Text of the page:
“Where’s all your stuff?”

Inevitably, when people learn that we’ll be living in a space smaller than most dorm rooms, or hell, even bathrooms, there are questions. Amongst many, “So, where’s all your stuff? Is it in storage?”.

With few exceptions, everything we own will fit in the van. We want to embrace minimalism and the life that it brings. We will not have a storage unit. What you see is what you get. The few exceptions being a few boxes of childhood items I have in my sister’s crawlspace in Illinois and a few suitcases packed with “work clothes” that we don’t foresee needing but aren’t ready to part with.

Was it hard dwindling down to so few possessions? Depends on who you ask.

For me, it was easy. Before I moved to Seattle in January 2014, I was quite intrigued by minimalism and started getting rid of a lot of superfluous junk. My goal was to fit everything into my Mazda3 for the drive cross-country. If it didn’t fit in my car, it wasn’t coming. My dad joined me on this fantastic road trip so that left me with only my backseat and trunk. I also had a case of homemade beer and a few six packs of Bell’s Two Hearted, because priorities. The rest of the space was for clothes and decorations. And I did it!

This is the “I’m freezing” look, easily confused with the “I have to pee” look.

In my 3.5 years in Seattle, I moved six times. Every time I moved, I got rid of more things. The last move was to a cute little microstudio in West Seattle – that will force anybody into minimalism real quick. The pamphlet said it was 235 sq feet but that’s including the lofted bed so it’s probably more like 180 sq feet, tops.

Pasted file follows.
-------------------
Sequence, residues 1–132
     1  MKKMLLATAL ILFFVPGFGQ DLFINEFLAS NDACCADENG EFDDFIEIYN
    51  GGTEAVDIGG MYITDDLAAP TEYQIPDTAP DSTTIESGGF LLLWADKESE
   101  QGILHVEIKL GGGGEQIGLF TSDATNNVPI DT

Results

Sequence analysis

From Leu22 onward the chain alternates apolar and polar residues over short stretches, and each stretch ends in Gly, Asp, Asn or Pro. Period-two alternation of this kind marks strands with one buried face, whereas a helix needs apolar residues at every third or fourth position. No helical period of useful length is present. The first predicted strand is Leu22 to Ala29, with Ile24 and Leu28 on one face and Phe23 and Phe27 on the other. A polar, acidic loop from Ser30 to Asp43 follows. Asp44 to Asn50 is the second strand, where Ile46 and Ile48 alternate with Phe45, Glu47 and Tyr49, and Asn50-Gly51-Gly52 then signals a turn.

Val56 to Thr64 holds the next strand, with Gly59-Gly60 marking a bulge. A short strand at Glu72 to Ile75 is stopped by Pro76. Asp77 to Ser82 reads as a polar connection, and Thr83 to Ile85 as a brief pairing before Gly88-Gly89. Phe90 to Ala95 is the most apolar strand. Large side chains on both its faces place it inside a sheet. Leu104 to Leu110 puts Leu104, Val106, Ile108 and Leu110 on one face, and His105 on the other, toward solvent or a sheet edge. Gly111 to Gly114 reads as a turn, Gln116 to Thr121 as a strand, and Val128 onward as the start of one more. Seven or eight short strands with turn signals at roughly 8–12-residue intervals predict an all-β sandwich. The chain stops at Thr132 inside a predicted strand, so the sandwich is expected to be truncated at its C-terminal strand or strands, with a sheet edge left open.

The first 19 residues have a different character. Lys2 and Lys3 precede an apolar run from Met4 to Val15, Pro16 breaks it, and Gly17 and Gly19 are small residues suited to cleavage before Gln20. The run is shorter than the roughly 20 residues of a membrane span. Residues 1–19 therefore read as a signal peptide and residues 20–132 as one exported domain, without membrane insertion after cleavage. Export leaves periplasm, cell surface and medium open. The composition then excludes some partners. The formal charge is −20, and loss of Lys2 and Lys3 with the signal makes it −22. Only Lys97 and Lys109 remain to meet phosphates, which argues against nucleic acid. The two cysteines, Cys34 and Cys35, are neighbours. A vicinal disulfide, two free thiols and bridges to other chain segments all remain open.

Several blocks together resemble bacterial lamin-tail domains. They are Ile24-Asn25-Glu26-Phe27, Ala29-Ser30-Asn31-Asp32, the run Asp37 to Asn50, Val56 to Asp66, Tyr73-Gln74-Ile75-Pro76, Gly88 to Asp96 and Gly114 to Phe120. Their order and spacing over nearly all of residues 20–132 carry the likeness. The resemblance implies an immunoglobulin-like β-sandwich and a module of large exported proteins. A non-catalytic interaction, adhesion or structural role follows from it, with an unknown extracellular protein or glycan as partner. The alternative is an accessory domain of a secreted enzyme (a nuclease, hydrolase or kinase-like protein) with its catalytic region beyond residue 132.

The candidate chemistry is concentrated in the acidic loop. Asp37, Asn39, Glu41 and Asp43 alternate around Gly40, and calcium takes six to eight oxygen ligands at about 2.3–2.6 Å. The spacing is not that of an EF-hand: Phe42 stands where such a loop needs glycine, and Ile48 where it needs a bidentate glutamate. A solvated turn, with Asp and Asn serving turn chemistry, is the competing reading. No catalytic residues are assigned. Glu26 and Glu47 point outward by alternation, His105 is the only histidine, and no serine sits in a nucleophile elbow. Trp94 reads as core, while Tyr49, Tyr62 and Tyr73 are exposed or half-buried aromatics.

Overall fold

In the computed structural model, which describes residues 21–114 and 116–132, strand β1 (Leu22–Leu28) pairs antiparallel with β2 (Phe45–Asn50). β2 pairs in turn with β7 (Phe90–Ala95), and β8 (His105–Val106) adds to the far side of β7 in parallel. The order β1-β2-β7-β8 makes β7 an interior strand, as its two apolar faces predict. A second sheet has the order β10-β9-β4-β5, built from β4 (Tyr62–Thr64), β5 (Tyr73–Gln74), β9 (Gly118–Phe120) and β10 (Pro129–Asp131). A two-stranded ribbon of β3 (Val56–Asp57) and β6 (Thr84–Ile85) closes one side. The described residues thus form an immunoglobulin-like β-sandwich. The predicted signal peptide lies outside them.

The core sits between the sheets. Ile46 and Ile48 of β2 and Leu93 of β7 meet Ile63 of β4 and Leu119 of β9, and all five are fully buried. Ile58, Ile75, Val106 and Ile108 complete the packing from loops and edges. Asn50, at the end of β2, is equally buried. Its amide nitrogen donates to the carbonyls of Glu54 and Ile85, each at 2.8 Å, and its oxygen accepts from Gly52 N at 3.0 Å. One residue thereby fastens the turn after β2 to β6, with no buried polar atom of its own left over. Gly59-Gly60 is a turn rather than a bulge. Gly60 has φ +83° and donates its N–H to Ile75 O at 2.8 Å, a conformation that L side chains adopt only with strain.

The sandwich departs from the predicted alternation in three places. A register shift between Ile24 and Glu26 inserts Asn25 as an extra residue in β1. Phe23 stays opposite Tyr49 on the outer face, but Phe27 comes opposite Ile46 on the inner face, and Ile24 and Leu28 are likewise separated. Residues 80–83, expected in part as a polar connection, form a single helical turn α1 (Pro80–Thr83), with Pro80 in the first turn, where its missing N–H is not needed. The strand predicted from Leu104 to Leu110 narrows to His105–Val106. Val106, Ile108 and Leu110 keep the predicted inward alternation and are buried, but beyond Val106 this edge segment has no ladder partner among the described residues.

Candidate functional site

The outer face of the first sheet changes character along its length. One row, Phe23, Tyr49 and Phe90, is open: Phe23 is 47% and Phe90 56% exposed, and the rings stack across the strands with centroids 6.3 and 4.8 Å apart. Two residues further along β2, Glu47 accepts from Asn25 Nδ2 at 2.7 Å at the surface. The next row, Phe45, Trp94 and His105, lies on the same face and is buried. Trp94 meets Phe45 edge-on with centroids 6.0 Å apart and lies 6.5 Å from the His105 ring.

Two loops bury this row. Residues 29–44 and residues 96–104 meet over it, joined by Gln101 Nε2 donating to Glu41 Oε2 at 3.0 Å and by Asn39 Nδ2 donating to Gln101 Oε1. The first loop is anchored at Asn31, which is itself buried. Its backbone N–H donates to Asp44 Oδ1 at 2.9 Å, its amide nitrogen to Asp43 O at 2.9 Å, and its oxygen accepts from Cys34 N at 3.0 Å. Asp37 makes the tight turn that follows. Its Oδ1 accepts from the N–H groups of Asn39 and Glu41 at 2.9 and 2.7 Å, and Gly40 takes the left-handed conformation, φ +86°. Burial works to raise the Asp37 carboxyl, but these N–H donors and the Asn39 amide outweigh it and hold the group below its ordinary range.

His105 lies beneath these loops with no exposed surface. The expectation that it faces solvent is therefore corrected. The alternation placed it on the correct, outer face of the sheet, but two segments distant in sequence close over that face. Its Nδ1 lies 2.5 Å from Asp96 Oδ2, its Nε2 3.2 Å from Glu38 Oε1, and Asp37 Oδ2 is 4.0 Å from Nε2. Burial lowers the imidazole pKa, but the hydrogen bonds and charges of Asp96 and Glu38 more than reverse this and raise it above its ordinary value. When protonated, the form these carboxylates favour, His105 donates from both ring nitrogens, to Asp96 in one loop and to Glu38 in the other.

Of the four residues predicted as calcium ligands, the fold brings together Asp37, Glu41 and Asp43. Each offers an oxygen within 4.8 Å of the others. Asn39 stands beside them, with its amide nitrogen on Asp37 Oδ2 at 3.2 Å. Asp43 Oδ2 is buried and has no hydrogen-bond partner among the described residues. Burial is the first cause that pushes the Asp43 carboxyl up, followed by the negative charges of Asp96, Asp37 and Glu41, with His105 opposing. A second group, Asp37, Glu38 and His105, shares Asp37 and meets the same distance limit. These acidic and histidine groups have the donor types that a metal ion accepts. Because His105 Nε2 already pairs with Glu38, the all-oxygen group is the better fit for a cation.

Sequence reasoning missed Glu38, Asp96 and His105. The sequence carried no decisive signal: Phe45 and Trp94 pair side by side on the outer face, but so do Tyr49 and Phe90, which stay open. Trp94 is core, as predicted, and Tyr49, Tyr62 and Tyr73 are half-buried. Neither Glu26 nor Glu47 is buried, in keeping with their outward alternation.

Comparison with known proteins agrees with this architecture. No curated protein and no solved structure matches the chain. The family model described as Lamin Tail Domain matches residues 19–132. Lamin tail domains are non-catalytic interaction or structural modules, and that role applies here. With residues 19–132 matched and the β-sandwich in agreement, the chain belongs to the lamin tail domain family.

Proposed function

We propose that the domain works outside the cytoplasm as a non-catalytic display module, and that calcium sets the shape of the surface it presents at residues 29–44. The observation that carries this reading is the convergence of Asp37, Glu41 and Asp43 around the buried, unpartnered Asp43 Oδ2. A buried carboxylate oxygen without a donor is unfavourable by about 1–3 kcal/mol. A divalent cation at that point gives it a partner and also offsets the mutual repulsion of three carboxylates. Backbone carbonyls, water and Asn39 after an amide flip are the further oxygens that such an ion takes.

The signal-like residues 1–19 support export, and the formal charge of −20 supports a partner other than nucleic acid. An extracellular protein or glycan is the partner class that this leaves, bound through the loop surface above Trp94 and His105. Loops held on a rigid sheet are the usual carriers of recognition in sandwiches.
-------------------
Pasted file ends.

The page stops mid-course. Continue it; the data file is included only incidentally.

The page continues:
minimalism living
The before shot. Look how “big” it looks empty!
minimalism microstudio
The after shot. Yes, our bathroom is directly below our bed – solid prepping for vanlife.

Colin’s story is slightly different. When he moved from Denver to Seattle, his company paid for his move. When that happens, you bring all the things! Outdoor adventure gear, two bikes (that were both stolen a year later, RIP), mountaineering books, and about 483 t-shirts. The man loves t-shirts but, like many of us, only wore his favorites. After coming to that realization, he acknowledged that maybe he could part with a few. That’s the day we took a big step closer to vanlife. Ever since then, it’s been a mix of big and small donation days.

*Colin taking over as post closer*: Things, things, things. We pick them up, dust them off, put them away, lose them, find them, replace their batteries and get pissed when the dog chews them up. Whether we are conscious of it or not, these things are on our minds…..and OUT of our minds when they are gone. As Brennan and Dale say:


Lisa: “Check.”

This is important both in your living space AND the space between your ears. It’s freeing! How else could we focus on blog writing, boats, hoes, and trip planning?!?!

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